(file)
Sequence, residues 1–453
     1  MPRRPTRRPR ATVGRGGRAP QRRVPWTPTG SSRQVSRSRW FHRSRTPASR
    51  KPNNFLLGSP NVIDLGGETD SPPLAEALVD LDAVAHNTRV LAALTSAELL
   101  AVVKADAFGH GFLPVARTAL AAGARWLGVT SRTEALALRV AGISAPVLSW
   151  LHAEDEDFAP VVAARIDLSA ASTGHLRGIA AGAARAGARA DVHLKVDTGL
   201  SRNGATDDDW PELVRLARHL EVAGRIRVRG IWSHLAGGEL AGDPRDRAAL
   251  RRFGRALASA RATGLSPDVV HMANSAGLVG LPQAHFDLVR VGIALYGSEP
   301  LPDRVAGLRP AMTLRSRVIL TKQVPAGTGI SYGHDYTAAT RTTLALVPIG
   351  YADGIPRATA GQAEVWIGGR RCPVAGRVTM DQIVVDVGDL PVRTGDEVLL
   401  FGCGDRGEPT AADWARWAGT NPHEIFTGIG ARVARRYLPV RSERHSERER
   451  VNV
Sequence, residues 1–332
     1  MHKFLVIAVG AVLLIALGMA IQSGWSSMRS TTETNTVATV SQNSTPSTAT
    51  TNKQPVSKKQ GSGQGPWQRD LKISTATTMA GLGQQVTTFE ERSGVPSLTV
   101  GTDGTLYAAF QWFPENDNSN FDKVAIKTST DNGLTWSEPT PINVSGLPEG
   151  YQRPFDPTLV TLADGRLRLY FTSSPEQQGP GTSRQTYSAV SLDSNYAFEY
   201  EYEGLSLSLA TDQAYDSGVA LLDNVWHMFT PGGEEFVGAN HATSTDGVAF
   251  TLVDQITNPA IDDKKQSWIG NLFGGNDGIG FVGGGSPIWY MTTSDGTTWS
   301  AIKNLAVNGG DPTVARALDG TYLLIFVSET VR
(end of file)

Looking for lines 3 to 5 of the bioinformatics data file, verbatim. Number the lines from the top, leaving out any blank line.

    51  KPNNFLLGSP NVIDLGGETD SPPLAEALVD LDAVAHNTRV LAALTSAELL
   101  AVVKADAFGH GFLPVARTAL AAGARWLGVT SRTEALALRV AGISAPVLSW
   151  LHAEDEDFAP VVAARIDLSA ASTGHLRGIA AGAARAGARA DVHLKVDTGL